- It is unquestionable that these are two different sounds. But English does not distinguish them; if you use the wrong /p/ in English, hardly anyone will notice. In Korean, the situation is very different: if you mispronounce "바" as "빠" or as "파", you are saying a different word, and the hearer will have to figure out what you meant from the context.
- Although English speakers can learn to hear the difference, naive English speakers hear them as the same "sound", /p/, represented by the letter 'p'. The /p/ here is a phoneme, but in English there are two different phones that correspond to this single phoneme.
- A phonetic alphabet, like IPA, contains symbols that represent phones. For example, IPA has a symbol for the sound of ᄇ, which is [p], and a separate symbol for the sound of ᄑ, which is [pʰ], and a third symbol for the sound of ᄈ, which is [pĦ].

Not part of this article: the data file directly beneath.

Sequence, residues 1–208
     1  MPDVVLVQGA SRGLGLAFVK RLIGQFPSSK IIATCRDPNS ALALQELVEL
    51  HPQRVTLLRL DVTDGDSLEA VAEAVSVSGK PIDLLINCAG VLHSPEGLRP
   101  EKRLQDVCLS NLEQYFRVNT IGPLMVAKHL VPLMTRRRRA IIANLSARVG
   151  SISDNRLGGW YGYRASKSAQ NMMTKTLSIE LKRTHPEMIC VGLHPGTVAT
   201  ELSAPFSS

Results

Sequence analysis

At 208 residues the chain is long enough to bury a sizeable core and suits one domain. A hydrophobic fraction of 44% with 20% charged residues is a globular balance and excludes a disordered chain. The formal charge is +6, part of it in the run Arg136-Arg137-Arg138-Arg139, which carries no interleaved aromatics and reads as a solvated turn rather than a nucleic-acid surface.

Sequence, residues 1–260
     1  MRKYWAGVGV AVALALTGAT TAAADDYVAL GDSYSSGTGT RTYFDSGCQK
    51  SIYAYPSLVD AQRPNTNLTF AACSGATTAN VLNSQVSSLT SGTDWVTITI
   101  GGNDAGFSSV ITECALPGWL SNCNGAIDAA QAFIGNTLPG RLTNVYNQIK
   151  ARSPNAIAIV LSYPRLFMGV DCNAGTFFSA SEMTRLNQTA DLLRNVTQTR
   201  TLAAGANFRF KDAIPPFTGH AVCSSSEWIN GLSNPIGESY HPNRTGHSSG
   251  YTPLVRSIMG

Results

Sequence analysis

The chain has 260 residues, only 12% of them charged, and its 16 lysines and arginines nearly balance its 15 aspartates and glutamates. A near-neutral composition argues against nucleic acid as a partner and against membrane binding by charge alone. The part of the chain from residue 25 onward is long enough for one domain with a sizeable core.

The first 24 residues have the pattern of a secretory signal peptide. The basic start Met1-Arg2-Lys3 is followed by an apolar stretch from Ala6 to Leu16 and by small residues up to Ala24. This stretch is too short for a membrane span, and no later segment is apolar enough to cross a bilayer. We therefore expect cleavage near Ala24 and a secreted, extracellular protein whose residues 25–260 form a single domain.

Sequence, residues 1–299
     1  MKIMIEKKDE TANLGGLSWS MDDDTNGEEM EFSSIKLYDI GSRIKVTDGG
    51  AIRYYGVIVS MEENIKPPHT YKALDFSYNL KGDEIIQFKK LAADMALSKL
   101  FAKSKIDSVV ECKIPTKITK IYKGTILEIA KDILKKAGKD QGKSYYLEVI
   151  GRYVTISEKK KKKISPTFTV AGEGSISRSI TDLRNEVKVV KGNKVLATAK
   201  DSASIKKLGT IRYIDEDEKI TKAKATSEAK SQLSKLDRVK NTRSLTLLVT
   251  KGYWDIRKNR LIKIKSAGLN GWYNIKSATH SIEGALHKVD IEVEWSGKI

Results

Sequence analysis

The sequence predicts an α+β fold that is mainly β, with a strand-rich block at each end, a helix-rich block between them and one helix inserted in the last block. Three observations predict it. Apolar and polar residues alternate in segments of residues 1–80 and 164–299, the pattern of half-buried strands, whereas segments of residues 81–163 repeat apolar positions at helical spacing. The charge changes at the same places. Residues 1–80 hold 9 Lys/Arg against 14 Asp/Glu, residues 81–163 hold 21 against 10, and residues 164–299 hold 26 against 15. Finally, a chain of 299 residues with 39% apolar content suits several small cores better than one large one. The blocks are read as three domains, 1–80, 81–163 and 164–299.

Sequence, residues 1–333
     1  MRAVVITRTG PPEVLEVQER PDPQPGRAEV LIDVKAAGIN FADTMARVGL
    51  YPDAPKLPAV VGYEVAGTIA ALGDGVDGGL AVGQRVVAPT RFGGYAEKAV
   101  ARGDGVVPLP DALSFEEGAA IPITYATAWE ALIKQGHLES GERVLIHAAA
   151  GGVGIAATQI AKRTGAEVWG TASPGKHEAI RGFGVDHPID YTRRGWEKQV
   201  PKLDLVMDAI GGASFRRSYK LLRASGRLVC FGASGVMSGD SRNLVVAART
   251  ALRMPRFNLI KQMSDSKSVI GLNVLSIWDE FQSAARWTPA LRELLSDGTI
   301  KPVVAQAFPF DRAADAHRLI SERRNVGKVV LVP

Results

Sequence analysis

- The same Unifon symbol is used to write the 'p' in "pill" and in "spill", even though these are pronounced as different phones and can be distinguished by Koreans. That is very practical, because the two sounds are interchangeable in English, and if you mix up which is which, hardly anyone will notice. Unifon is designed to represent English, so it is only proper that it should ignore these distinctions, distinctions which are not made by English speakers. The Unifon symbols represent phonemes of English, not phones, which is why it is a phonemic alphabet, not a phonetic alphabet.